But to her, in her mind, no longer playing is quitting. Even though college softball no longer aligns with her personal feelings or goals, she didn’t want to be a quitter. If she doesn’t have softball, she said she wouldn’t know who she is. This broke my heart. And I’m sure she thought we’d somehow be disappointed as well.

We had to ensure her that we’re proud of her no matter what. That if something is no longer right for you, or no longer aligns with your goals, it’s ok to stop. Stopping allows you to try something new. But she had to make that decision. And continuing to do nothing wasn’t fair to her, her coaches, or her family.

So she made the decision to stop playing showcase and called her coach to tell him. He was surprised (because she really is a good little ball player), but supportive. I have no doubt this was the hardest decision she’s made in her life. But with the weight lifted off her shoulders, she’s happier and much less stressed.

I guess what I’ve learned from all this is listen to your kids. Not their words, but their actions. Even though she would insist she wanted to play in college, her actions never fully aligned with that goal. Admittedly, I love watching her play and was hoping it would somehow eventually click. But in the end, it was not who she truly is.

She’s now onto other things (and smiling a lot more). And that’s ok too!
 

Apr 26, 2015
544
18
Seeing them smile is what it's all about - whether that involves softball or not...

Thank you for sharing! Wishing your DD all the best in whatever she chooses to pursue!
 
Sep 28, 2015
120
16
Thanks for sharing. My DD is 14 and I see some of the same things you describe so I appreciate the story.


Sent from my iPhone using Tapatalk
 
Jun 11, 2012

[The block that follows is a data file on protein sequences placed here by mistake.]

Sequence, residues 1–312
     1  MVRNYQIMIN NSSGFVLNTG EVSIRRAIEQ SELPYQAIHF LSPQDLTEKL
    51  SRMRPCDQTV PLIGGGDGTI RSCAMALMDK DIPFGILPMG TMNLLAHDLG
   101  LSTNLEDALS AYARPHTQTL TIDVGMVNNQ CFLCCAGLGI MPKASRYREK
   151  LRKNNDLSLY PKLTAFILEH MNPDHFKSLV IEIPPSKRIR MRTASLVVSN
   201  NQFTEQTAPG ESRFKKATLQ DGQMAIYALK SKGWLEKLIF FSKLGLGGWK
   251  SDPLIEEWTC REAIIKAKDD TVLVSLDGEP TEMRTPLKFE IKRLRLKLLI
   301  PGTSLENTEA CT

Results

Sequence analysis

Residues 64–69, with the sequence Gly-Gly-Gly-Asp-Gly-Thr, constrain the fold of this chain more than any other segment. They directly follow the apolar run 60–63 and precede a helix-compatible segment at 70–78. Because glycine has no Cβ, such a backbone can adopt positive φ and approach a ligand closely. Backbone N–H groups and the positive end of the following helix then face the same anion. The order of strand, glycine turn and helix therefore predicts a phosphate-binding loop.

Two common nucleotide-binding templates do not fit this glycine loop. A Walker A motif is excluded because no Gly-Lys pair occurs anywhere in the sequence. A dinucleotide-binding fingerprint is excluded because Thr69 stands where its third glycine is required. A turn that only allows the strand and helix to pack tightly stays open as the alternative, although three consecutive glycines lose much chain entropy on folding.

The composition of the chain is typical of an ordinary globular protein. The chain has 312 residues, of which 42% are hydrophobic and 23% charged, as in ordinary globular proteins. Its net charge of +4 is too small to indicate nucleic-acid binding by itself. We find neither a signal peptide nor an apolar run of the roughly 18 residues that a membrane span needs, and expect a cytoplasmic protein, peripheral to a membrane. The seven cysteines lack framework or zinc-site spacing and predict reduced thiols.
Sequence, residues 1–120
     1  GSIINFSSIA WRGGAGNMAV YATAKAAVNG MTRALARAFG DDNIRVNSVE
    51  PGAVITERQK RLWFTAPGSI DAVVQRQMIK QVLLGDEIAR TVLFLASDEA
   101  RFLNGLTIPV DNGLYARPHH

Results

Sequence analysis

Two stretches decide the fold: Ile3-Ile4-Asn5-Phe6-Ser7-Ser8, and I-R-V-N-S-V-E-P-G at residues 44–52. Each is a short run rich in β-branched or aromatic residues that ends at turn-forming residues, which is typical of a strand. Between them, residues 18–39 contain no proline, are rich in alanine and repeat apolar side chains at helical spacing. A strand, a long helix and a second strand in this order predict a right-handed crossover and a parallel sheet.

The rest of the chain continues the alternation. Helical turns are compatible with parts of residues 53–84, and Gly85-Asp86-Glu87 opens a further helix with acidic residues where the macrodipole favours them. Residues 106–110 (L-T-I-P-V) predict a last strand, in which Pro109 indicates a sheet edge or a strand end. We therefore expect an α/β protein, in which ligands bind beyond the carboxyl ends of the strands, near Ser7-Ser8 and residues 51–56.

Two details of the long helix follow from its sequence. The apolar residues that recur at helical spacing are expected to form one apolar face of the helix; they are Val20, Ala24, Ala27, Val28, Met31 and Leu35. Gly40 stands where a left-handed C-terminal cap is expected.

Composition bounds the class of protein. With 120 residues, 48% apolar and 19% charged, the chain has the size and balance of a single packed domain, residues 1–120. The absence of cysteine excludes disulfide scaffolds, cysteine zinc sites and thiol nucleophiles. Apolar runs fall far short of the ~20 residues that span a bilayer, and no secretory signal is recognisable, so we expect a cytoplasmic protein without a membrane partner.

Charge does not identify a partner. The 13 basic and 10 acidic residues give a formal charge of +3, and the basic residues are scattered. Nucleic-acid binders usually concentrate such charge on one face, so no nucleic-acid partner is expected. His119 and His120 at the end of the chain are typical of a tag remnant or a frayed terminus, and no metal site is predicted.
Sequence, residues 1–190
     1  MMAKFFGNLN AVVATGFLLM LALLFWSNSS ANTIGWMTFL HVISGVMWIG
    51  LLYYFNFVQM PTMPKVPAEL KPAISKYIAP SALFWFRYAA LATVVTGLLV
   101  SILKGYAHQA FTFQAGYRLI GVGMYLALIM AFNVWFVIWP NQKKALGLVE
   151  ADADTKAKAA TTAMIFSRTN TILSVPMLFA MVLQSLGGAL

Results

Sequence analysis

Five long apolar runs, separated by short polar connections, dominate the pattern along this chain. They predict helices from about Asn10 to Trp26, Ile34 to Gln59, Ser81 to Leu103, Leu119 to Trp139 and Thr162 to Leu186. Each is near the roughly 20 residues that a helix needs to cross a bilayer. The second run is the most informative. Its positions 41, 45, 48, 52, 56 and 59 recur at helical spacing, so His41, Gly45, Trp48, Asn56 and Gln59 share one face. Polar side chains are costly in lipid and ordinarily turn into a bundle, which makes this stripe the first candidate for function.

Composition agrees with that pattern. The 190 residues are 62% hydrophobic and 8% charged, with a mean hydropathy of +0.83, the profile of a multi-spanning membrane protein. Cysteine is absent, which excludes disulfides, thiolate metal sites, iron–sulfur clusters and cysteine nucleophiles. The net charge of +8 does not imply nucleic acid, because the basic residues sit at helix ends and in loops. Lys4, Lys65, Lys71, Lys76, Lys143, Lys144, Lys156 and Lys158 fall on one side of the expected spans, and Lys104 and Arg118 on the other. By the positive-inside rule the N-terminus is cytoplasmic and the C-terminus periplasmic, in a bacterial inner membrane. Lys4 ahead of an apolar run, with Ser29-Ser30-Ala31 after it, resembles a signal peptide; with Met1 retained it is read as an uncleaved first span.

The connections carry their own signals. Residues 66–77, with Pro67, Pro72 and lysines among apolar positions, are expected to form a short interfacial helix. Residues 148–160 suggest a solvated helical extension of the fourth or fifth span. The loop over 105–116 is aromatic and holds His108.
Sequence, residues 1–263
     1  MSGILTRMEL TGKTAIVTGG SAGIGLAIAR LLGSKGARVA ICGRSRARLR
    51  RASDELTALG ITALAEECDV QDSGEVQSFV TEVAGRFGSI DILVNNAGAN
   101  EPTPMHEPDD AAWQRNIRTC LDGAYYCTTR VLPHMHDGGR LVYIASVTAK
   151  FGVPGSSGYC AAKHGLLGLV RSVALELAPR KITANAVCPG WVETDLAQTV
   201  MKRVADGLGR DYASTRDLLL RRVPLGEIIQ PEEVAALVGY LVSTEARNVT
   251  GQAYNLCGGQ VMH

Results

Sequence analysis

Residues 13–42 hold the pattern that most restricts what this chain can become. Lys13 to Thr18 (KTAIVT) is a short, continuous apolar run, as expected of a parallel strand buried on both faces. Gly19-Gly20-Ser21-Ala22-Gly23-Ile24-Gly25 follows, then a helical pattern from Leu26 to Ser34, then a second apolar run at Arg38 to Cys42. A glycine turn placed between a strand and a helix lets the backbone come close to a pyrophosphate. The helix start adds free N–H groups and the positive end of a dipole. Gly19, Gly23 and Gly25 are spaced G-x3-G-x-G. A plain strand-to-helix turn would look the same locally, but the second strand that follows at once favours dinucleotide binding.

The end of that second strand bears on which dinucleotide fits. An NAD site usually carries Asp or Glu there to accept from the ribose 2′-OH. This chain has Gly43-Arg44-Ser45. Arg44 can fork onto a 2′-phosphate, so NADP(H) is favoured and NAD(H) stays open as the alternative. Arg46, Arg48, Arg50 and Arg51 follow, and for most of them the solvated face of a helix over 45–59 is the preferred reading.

359
18
As long as she's happy is all that matters. Best of luck to her in whatever she decides to do.
Is she still planning on playing high school?
 

Cannonball

Ex "Expert"
Feb 25, 2009
3,784
48
... and you know what, I would bet that she got a lot out of the game and will look back on it with great pride. Hey, it isn't easy to do what our dds do. You have much to be proud of. Imagine making that kind of decision when you are that young and your heart is so torn between the present and the past. You have done well as parents.
 
Sep 29, 2010
864
18
Knoxville, TN
Your unconditional love and support is what she will remember twenty years from now. Great parenting! I bet she kills it in HS this year!
 

NEF

May 16, 2012
90
6
New England
Think your DDs journey is not that out of the ordinary, My eldest DDs 1st year 16s team, she really loved, it was a group that played together for 3 years and split due to different levels of interest in the sport, some just wanted to play in high school, others in college. We moved on to "showcase" teams, while she still loved the game it wasn't the same. She met her future college coach on that original 16's team and I believe if we kept the team together more of the players would still be playing today and she would have ended up going to the same school she is now attending. It ended ok for her as she really is enjoying the team she's now on.

Thank you for sharing your experience.
 

Last edited:

Latest threads

Forum statistics

Threads
33,066
Messages
477,292
Members
14,911
Latest member
Angelina6637
Top